The Response of Ngati Whatua of Orakei

For the remnants of Ngati Whatua remaining at Orakei, the final evictions from the papakainga were extremely traumatic. They resisted being relocated to the end. Many were physically carried from their homes, and one man threw himself back into his burning home. The houses in Kitemoana Street were small, each built for a nuclear family, so the extended family life of the hapu was broken down still further. Many of their elders died within a year of being evicted.

6. The National Marae (1959)

The Crown had set some land aside near the State houses in Kitemoana Street for a Ngati Whatua marae. But there were many Māori from other tribes who had migrated to Auckland, many Polynesian immigrants, and many Europeans who wanted a multicultural marae in Auckland for all to use. In 1959, the Government gave the site for a national marae, even though it was on Ngati Whatua's ancestral lands. Ngati Whatua found they had no control over the new marae. There were only four of them, and no kaumatua, among the 16 trustees appointed to run it. The trustees embarked on ambitious development plans, raising money through public appeals.

Ngati Whatua of Orakei were very uncomfortable about these developments, but felt they were outnumbered and that, as tangata whenua, the marae would at least allow them some way to provide hospitality.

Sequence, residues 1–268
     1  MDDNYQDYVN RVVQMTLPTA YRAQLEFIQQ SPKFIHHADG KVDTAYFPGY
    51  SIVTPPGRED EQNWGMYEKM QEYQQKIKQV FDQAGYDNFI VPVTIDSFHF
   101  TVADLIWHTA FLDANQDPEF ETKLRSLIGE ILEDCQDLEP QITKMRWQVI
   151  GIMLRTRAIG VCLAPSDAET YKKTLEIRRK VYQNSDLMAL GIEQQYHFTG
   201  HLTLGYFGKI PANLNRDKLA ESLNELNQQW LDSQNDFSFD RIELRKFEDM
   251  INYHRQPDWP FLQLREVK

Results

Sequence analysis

All along, they still hoped for the return of the papakainga so they could rebuild their tribal marae there. By 1974, the shell of the new meeting house was completed. The building was, in accordance with custom, opened by another tribe and was duly named after Ngati Whatua's tribal ancestor, Tumutumuwhenua. This meant that Ngati Whatua, who had not been consulted about the naming, were committed totally to the house. They could not set up a tribal marae elsewhere.

The Response of Ngati Whatua of Orakei

The people of Ngati Whatua of Orakei went along with the development of the multicultural marae but soon became ashamed of it. The way the marae was built did not allow them to hold important tribal rituals such as tangi with appropriate dignity. They were taunted for having a tourist showplace instead of a marae. They began to voice their opposition to the marae, calling it a 'Pakeha marae'. In 1990, Tumutumuwhenua was gutted by an accidental fire. It has since been restored.

7. Plans to Subdivide Bastion Point (1976)

In 1976, the Crown announced that it was about to develop the remaining land at Bastion Point for high-income housing and parks. This was the last 60 acres of uncommitted land at Orakei that the hapu still hoped to get back.

The Response of Ngati Whatua of Orakei

In January 1977, some of the hapu, calling themselves the Orakei Maori Action Committee, took direct action to stop the subdivision. They occupied Bastion Point for 506 days, refusing to leave their ancestral lands. The protests caused a split within the tribal ranks as this was the first time their protests had broken the law - by trespassing on Crown land.

On 25 May 1978, the Government sent in a massive force of police and army to evict them. Two hundred and twenty-two protesters were arrested and their temporary meeting house, buildings, and gardens were demolished. The Bastion Point occupation became one of the most famous protest actions in New Zealand history.

Next: Resolving the Grievances of the Past